Pharmacological chaperones: a new twist on receptor folding

Trends Pharmacol Sci. 2000 Dec;21(12):466-9. doi: 10.1016/s0165-6147(00)01575-3.


Protein misfolding is at the root of several genetic human diseases. These diseases do not stem from mutations within the active domain of the proteins, but from mutations that disrupt their three-dimensional conformation, which leads to their intracellular retention by the quality control apparatus of the cell. Facilitating the escape of the mutant proteins from the quality control system by lowering the temperature of the cells or by adding chemicals that assist folding (chemical chaperones) can result in proteins that are fully functional despite their mutation. The discovery that ligands with pharmacological selectivity (pharmacological chaperones) can rescue the proper targeting and function of misfolded proteins, including receptors, might help to develop new treatments for 'conformational diseases'.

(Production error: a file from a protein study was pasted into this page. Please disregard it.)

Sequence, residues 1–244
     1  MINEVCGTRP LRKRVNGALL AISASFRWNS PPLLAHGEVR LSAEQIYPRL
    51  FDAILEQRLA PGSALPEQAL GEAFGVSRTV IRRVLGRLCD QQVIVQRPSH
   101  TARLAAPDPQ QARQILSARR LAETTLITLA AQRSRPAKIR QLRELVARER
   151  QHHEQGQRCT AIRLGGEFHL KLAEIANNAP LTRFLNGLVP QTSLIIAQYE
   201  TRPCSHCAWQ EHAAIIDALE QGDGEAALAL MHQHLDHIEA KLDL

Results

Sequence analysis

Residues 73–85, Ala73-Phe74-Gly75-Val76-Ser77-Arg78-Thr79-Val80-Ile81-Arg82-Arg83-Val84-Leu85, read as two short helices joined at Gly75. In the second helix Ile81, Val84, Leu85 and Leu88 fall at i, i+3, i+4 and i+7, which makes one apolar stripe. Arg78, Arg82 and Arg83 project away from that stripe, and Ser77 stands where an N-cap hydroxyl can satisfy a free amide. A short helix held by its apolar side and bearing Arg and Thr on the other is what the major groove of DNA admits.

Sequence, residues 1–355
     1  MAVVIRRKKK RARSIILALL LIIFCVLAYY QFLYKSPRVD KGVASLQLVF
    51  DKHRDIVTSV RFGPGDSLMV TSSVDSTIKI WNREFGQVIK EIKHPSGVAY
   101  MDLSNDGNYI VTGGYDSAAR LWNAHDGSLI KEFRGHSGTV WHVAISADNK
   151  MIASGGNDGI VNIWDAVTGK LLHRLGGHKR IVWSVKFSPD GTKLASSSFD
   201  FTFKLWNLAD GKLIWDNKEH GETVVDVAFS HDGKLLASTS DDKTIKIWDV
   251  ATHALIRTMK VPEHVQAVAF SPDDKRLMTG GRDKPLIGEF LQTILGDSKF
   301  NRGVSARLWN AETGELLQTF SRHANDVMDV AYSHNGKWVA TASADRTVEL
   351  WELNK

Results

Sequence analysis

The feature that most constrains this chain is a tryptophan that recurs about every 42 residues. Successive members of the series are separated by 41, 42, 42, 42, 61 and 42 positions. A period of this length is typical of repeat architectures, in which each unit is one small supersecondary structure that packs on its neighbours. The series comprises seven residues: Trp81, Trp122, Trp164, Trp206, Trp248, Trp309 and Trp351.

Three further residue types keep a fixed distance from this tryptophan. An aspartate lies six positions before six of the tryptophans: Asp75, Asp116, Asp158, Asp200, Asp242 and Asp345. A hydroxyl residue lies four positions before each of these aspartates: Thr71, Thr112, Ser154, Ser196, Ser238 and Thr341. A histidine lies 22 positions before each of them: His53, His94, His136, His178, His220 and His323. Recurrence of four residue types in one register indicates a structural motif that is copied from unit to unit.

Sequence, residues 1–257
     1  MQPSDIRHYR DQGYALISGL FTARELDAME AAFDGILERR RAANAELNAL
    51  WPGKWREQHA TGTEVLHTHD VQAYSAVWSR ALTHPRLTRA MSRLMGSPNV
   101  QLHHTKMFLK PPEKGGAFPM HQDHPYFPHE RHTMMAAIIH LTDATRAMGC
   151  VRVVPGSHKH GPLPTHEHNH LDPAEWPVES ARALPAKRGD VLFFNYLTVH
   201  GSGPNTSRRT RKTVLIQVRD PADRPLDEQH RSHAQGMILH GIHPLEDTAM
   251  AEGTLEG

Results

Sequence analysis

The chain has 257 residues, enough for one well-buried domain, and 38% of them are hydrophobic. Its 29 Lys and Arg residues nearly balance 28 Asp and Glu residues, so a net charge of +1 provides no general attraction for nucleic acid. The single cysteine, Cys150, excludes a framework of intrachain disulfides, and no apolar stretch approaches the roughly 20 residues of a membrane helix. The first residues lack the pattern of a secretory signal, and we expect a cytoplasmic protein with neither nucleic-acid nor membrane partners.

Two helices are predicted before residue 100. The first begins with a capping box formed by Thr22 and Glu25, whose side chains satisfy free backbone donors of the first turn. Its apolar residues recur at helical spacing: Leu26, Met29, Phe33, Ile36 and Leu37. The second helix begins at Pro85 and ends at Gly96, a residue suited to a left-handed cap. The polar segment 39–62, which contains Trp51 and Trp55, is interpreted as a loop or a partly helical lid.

Publication types

  • Review

MeSH terms

  • Animals
  • Cryoprotective Agents / pharmacology
  • Cryoprotective Agents / therapeutic use
  • Cystic Fibrosis / drug therapy
  • Cystic Fibrosis / genetics
  • Diabetes Insipidus, Nephrogenic / drug therapy
  • Diabetes Insipidus, Nephrogenic / genetics
  • Dimethyl Sulfoxide / pharmacology
  • Dimethyl Sulfoxide / therapeutic use
  • Endoplasmic Reticulum / drug effects*
  • Endoplasmic Reticulum / genetics
  • Glycerol / pharmacology
  • Glycerol / therapeutic use
  • Humans
  • Methylamines / pharmacology
  • Methylamines / therapeutic use
  • Molecular Chaperones / pharmacology*
  • Molecular Chaperones / therapeutic use
  • Mutation / drug effects*
  • Mutation / genetics
  • Oxidants / pharmacology
  • Oxidants / therapeutic use
  • Protein Folding*


  • Cryoprotective Agents
  • Methylamines
  • Molecular Chaperones
  • Oxidants
  • trimethyloxamine
  • Glycerol
  • Dimethyl Sulfoxide